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There’s been another lithium-ion battery explosion and fire, this time in the overhead bin of a China Southern Airlines plane. According to Fox News, passengers were boarding the flight when smoke started pouring into the cabin. Soon, flames were spotted in a passenger’s bag in the overhead bin. Fortunately, the plane hadn’t taken off yet. Passengers had to disembark, however.

This is yet another incident in a steady stream of lithium-ion battery malfunctions. According to the Consumerist, at least 17 lithium-ion batteries exploded on planes last year (2017).

Passengers and Crew Attempt to Put Out the Blaze

Passengers were boarding the plane from Guangzhou to Shanghai when the fire occurred. Together with the cabin crew, they tried to put out the flames with bottles of water and juice. Emergency crews soon arrived to confirm that the fire was definitely out. The passenger who owned the phone was escorted off the plane by police to help in determining what went wrong.

Fox News reports that according to the evidence, the power bank (or portable charger), which was most likely powered by a lithium-ion battery, was not in use at the time of the fire. At the time of this writing, the make and model of the charger had not yet been released.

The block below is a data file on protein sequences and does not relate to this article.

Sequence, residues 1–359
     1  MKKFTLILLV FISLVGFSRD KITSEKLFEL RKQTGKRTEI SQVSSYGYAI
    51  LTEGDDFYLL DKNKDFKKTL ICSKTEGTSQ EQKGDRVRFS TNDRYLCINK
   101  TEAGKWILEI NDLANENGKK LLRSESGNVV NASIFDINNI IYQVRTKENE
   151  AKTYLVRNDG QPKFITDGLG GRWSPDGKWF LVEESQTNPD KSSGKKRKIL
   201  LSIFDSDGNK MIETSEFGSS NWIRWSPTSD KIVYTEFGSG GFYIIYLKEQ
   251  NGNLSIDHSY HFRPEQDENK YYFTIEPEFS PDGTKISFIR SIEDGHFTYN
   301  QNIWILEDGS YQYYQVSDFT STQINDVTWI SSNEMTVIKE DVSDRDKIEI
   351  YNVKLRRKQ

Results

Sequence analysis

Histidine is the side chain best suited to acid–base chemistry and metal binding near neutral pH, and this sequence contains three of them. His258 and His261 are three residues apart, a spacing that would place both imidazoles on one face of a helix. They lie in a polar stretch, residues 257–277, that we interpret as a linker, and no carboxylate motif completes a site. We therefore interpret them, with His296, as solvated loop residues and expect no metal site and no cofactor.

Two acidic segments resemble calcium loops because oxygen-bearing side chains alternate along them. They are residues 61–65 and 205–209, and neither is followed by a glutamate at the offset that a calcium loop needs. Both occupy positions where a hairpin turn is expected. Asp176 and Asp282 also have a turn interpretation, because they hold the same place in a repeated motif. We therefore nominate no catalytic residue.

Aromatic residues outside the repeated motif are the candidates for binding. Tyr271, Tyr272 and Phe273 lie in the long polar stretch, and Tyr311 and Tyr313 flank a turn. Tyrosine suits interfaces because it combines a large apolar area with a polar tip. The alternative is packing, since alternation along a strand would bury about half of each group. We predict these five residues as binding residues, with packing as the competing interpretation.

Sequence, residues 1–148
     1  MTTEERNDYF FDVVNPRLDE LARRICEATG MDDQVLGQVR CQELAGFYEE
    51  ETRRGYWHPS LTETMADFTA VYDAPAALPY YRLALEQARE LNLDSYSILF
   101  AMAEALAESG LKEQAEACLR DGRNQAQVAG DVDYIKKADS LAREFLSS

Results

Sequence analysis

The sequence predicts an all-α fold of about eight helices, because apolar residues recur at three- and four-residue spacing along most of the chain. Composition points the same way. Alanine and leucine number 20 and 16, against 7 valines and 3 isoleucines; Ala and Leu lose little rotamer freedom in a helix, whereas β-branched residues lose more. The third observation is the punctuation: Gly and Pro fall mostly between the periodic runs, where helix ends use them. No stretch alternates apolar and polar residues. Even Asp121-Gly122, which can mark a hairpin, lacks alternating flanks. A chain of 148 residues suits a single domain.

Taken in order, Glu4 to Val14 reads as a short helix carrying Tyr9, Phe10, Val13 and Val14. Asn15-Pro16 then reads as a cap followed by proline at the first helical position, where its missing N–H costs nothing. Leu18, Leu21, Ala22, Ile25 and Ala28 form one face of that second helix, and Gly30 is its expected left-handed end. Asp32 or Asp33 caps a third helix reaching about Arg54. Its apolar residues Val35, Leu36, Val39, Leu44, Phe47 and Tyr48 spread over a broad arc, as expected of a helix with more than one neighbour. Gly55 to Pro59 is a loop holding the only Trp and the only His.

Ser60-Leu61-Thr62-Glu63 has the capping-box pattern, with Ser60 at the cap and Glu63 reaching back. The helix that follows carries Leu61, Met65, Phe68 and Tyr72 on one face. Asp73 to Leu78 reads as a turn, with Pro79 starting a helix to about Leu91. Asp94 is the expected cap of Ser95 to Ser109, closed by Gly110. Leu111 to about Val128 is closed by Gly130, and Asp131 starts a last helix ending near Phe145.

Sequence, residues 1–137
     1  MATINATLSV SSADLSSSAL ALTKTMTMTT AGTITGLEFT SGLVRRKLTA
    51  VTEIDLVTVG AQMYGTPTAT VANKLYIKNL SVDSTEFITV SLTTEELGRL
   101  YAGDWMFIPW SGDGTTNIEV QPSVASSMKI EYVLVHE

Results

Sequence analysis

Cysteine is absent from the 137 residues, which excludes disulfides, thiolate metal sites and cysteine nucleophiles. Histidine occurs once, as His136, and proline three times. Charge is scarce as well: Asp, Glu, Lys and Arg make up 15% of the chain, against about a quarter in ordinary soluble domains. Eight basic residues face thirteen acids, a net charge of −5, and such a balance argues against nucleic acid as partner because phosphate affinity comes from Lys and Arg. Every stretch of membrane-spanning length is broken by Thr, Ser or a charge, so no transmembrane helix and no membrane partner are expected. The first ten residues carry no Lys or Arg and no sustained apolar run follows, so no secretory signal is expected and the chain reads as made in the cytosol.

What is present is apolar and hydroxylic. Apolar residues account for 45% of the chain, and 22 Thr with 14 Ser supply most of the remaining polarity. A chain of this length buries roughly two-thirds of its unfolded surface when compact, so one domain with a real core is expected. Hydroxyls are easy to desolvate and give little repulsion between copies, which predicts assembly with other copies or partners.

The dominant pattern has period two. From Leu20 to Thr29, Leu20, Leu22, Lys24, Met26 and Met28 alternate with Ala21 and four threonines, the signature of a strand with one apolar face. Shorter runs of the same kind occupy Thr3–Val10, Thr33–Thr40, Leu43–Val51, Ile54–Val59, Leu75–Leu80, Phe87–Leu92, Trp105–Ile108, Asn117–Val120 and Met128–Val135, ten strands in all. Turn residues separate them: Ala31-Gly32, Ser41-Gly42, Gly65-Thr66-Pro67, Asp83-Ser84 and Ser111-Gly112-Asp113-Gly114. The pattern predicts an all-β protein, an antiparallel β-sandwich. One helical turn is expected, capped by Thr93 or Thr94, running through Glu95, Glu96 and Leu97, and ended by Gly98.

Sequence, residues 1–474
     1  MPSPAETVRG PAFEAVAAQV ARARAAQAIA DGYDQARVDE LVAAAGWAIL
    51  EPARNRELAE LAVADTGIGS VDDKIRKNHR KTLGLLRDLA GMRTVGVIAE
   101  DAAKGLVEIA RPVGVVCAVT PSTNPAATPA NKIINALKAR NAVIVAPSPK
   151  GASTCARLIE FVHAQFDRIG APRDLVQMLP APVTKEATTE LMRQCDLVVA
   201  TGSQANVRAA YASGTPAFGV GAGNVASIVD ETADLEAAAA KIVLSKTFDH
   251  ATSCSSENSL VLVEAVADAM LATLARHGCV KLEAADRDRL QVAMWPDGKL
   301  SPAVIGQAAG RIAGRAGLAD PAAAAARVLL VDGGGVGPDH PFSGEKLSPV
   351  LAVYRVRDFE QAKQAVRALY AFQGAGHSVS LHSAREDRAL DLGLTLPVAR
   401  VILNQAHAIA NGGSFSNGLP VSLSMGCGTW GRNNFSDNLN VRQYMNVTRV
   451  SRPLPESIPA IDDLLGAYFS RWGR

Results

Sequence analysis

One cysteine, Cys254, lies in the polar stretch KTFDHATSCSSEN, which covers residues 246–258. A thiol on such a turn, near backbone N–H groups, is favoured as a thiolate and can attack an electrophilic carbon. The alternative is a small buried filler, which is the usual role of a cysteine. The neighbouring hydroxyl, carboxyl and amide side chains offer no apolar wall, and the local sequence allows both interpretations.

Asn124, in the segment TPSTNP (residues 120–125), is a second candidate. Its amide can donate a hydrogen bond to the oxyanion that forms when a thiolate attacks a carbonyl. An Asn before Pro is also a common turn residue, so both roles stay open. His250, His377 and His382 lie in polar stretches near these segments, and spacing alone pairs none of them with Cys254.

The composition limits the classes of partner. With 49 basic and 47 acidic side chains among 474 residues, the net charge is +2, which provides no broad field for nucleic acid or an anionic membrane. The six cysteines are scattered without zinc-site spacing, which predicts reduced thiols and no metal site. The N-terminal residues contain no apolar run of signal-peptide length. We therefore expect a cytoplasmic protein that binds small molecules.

Though there was no damage to the plane, and no one suffered any injuries, a replacement plane was brought in to take the passengers to their destination. They suffered a three-hour delay.

So far, lithium-ion batteries are still allowed on planes as long as they are transported in carry-on luggage. They are not allowed in checked luggage.

Passengers and Crew Attempt to Put Out the Blaze

According to a 2017 report from the Federal Aviation Administration (FAA), as of May 22, 2017, there had been 160 air/airport incidents involving lithium batteries carried as cargo or baggage that had been recorded since March 20, 1991. They noted that this number reflected only the incidents that the FAA was aware of, and should not be considered a complete listing.

In June 2017, the Consumerist reported that in the first four months of 2017, the FAA had received reports of 17 incidents where lithium-ion batteries caught fire, overheated, or smoked in airplanes. Of these, at least four occurred in the baggage or cargo hold, despite the fact that most U.S. airlines have banned lithium-ion batteries in cargo on passenger flights. The U.N. International Civil Aviation Organization, concerned about these batteries on international flights, also banned them from cargo holds in April 2016.

The FAA warned airlines in February 2016 to conduct a safety risk assessment to manage the risks associated with transporting lithium-ion batteries as cargo, noting that fire testing “has highlighted the potential risk of a catastrophic aircraft loss due to damage resulting from a lithium battery fire or explosion.”

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